The quip “If you think it’s expensive now, just wait until it is free” is funny because of the unfortunate truth it contains. The truth is unfortunate less because it’s impossible to provide benefits without costs than because politicians constantly try to convince voters otherwise. To paraphrase Thomas Sowell: The first law of economics is that there’s no such thing as a free lunch; the first law of politics is to disregard the first law of economics.
Politicians convince only the naive that government can provide free benefits, but the political process creates a lot of naivety. This naivety in turn allows politicians to enact policies that make it rational for consumers to act as if they believe government has lowered the cost (often to zero) of goods even when they know better. As the joke suggests, however, the more the “as if” cost of a good is reduced, the more its real cost is increased. This can be explained by making use of the important distinction between the total cost consumers pay for a good and the marginal cost they pay—that is the additional amount they pay to buy one more unit of the good.
The most obvious way the government can make people act as if the cost of a good has been reduced is to lower its price. The most direct way to do that is by imposing a price ceiling below the market price. We mention a price ceiling briefly only to explain why we do not consider it in detail. When the price of a good is legally lowered, the amount supplied will decrease, so consumers cannot act as if the cost has been lowered by purchasing more, despite their desire to do so. Also, it quickly becomes clear to consumers, once the aggravation of longer lines, poorer service, and declining quality is considered, that the cost of the good has become higher, not lower.
A more lasting way for politicians to give the impression they have lowered the cost of a good is to subsidize its supply. This can be done by transferring an amount covering all or part of the cost to suppliers for every unit of a good sold to consumers. This per-unit subsidy would cause a corresponding drop in the cost of production and thus in the price of each unit of the good. We assume the supply curve is horizontal—that is, prices won’t rise to offset increased consumer purchases in response to the price subsidy.
For example, the entire cost of providing a year of K-12 government schooling is subsidized, and parents can send all their children to a government school regardless of how many they have. There are, of course, restrictions on which school parents can send their children to, and they have little control over who teaches their children. Similarly, government medical care subsidies, whether provided through Medicaid, Medicare, or tax advantages bestowed by not taxing employer-provided insurance as income, lower the price paid directly for medical care. Here again, relatively few restrictions on the amount of medical care people demand have been imposed, but this is likely to change rather significantly in the future.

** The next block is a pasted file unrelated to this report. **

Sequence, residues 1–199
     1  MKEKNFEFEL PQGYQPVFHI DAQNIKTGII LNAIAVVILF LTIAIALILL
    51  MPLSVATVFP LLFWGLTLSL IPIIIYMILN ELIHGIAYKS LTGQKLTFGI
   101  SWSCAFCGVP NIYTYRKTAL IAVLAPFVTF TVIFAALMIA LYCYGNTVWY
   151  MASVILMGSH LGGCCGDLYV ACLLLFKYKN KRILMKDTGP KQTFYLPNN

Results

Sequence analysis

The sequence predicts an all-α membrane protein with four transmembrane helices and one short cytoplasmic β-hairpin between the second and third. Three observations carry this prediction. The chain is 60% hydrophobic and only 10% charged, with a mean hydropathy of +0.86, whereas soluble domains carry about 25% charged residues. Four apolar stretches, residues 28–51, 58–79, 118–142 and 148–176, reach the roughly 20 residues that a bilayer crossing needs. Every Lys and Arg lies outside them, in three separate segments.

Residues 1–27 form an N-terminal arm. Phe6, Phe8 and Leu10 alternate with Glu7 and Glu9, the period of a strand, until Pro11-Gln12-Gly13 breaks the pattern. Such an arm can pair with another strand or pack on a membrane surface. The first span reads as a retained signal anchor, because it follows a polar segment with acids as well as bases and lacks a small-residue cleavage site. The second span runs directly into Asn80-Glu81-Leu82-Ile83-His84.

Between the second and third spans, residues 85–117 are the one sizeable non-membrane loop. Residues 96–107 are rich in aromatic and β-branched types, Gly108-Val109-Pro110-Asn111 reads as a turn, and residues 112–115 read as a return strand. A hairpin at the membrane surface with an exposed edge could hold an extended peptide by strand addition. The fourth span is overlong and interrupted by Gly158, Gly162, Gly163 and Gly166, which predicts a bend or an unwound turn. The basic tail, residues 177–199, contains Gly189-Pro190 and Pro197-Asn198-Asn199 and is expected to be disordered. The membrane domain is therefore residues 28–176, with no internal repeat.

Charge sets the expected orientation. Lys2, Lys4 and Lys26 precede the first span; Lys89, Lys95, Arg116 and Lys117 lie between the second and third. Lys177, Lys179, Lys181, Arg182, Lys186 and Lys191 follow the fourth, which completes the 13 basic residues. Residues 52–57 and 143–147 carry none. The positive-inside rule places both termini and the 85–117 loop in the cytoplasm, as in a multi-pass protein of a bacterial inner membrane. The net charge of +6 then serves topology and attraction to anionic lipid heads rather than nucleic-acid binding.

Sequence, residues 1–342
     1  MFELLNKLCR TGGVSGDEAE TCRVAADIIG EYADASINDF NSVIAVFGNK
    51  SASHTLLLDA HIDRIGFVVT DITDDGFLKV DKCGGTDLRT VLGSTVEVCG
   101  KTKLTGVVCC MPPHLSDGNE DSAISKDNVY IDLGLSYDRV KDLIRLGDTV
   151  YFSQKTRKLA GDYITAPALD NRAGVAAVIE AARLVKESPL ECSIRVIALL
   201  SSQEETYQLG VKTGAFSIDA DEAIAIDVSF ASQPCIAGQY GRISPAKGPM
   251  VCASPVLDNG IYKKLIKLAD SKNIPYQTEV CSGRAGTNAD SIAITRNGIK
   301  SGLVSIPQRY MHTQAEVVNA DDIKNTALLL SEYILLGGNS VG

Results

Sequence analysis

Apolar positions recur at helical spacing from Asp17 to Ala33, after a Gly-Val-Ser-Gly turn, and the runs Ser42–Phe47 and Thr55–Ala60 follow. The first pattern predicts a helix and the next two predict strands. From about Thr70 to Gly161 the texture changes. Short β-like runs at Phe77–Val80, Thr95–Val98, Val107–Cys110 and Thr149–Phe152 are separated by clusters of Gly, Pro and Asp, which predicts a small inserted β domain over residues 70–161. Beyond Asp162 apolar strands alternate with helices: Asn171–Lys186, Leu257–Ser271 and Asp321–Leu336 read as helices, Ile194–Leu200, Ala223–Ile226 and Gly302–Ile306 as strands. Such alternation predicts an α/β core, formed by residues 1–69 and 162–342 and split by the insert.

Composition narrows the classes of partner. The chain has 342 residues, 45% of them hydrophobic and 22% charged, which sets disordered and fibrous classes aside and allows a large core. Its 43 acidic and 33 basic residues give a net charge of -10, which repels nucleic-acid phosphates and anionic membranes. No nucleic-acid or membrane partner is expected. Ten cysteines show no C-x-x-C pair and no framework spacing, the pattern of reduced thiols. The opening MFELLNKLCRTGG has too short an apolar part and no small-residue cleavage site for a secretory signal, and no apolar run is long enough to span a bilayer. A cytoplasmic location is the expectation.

If they give it any thought, most people recognize that any market prices they pay directly for government schooling and medical care are far less than the total amount they actually pay for these services. But they seldom know how much they are paying over and above the direct out-of-pocket price, and even if they did, it would not influence how much of the subsidized services they demand. This begins the explanation of why subsidizing goods increases their cost.
When politicians subsidize the supply of a good, they reduce its marginal cost to consumers by increasing the amount they pay in taxes to finance the subsidy. The marginal cost—the additional amount paid when another unit is purchased, as determined by the now-lower price—is the only cost consumers pay attention to. The total subsidized cost, in the form of higher taxes and/or insurance premiums, also increases when a consumer buys another unit of the service, but that increase is spread over all consumers, often many millions of them. So the increase in this cost is effectively zero to a consumer deciding how much of a subsidized good to buy, and is therefore ignored.
In other words, subsidizing the supply of a good creates an external cost of the type that is referred to as a “market failure” when it results from private activity (think of pollution, which is really the result of the absence of markets), but is referred to as protecting consumers against market exploitation when intentionally created by government policy. The subsidy creates a situation in which each consumer can benefit by shifting much of the cost of her consumption to the rest of the population—the larger the subsidy the larger this external cost. The result is excessive consumption of the subsidized good as each consumer expands her consumption beyond the point where the marginal value she receives becomes less than the marginal cost of producing the good—that is, less value is received from additional units than is sacrificed to produce them.